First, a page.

Not far from that avenue, authorities have set up their headquarters in a former kids’ club. There, signing and sealing documents is Vasil Chynchyk, head of the civil and military administration, the closest thing there is to a mayor in wartime. Organizing evacuations is part of his daily work. Between 10 and 15 transfers are carried out per day by the means provided by the authorities and another five leave by their own means. That’s triple the number evacuated a few weeks ago, estimates Chynchyk, who sports a gun in a leather holster at his side. Shelling is the main reason that drives people to leave, he says. They are particularly concerned about the children, who “are forced to stay with their parents in dangerous places.”

Tatiana cuts Oleksandr’s hair at her hair salon in Toretsk.
Tatiana cuts Oleksandr’s hair at her hair salon in Toretsk.Luis de Vega

A disapora of residents of Toretsk, as with other areas of the front, is growing in other safer regions of the country thanks to the agreements that the authorities are forging. The mayor says that they are provided with transportation, temporary accommodation, medical assistance, and advice on getting ahead away from home. “There are free evacuations to any corner of the country,” he says. The town was already in the hands of pro-Russian separatists for a few months in 2014, when Moscow launched the war in eastern Ukraine. The region’s population in 2021, before the great Russian invasion began, was 70,000 people compared to the current 14,000, according to data from Chynchyk. Those who remain live in a place where for a year and a half there has been no water or gas, although there is electricity. Filling this supply gap is one of the tasks the authorities are also undertaking with the help of NGOs and international organizations.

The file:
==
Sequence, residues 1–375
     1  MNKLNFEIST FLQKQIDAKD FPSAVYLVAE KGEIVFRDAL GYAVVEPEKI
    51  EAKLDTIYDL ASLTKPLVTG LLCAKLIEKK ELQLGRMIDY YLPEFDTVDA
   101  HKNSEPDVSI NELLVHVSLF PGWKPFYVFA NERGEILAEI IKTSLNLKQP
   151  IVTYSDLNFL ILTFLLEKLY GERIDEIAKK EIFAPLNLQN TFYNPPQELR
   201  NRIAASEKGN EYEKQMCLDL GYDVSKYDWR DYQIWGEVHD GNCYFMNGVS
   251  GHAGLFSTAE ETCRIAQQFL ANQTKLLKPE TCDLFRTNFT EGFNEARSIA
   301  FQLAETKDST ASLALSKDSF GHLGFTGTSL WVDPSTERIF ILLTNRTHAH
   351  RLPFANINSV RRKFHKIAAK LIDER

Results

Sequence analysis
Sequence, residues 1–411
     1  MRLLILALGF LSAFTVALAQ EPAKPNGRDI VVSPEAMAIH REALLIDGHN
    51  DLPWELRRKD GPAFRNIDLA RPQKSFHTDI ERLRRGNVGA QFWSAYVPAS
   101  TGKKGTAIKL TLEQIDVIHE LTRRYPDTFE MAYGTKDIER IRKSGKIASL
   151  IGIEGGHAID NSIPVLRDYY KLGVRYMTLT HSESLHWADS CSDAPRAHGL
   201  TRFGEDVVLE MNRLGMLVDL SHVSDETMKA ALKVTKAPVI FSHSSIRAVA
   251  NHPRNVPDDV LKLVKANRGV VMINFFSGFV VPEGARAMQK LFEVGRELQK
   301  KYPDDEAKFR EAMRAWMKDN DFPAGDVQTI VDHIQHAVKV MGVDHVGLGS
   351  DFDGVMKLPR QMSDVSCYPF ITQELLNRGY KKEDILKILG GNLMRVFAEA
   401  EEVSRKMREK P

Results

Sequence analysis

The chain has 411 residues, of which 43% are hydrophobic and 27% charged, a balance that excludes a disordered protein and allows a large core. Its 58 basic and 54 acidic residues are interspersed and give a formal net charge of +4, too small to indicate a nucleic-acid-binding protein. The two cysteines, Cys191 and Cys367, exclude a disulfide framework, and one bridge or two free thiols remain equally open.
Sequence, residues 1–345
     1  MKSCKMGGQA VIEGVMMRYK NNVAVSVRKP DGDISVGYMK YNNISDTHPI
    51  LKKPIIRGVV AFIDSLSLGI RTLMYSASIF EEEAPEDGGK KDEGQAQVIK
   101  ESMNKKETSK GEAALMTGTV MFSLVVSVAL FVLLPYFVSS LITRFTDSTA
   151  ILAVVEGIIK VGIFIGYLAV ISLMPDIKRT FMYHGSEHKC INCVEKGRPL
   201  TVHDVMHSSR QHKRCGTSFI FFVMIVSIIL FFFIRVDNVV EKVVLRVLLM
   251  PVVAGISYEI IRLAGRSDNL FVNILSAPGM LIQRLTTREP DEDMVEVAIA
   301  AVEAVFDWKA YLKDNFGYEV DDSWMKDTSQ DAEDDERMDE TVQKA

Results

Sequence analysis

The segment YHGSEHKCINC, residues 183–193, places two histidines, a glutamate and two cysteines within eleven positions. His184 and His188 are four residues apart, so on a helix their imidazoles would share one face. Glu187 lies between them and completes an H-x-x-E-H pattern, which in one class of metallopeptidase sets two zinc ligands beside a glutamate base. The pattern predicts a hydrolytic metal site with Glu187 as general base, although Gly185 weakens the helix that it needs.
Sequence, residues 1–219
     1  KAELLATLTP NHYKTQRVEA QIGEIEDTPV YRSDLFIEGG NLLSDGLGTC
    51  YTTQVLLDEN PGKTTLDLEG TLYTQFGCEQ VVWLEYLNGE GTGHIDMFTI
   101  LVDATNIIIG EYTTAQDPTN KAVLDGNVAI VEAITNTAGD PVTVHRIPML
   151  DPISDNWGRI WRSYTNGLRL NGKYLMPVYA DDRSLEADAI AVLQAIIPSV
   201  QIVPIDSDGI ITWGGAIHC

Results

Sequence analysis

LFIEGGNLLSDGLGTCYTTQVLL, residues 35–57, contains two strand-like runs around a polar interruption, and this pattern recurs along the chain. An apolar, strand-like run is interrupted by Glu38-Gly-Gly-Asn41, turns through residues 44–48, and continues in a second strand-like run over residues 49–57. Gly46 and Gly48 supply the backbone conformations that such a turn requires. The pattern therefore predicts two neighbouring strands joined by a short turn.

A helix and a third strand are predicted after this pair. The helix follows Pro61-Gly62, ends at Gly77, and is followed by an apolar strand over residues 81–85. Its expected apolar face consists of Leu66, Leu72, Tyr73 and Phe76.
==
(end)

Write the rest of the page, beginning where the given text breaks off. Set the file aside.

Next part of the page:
But the main concern of the head of the region is to save lives. The more, the better. The latest decision taken by the regional authorities, and which he himself defends, is not to re-authorize open-air markets. They do not want to give the Russians the opportunity to make crowds of people a target, as they have been in the past.

Ludmila, 72, returns home after collecting humanitarian aid passing through the wreckage of a Russian air raid that same morning.
Ludmila, 72, returns home after collecting humanitarian aid passing through the wreckage of a Russian air raid that same morning.Luis de Vega

The decision unnerves Tatiana, the hairdresser. “The markets are closed and now there are dozens of people crowded waiting for humanitarian aid,” she says, referring to what she considers a contradiction. In an almost incessant stream, four civilians were bombed last week in the neighboring New York township and two siblings — a boy and a girl — lost their lives in the village of Druzhba (a word meaning friendship). Eight people were killed in the same attack on August 4 last year at a bus stop in Toretsk. “Someday we will rebuild those buildings, but those people will never come back,” sighs Vasil Chynchyk at his desk as Deputy Minister Maliar appears on television.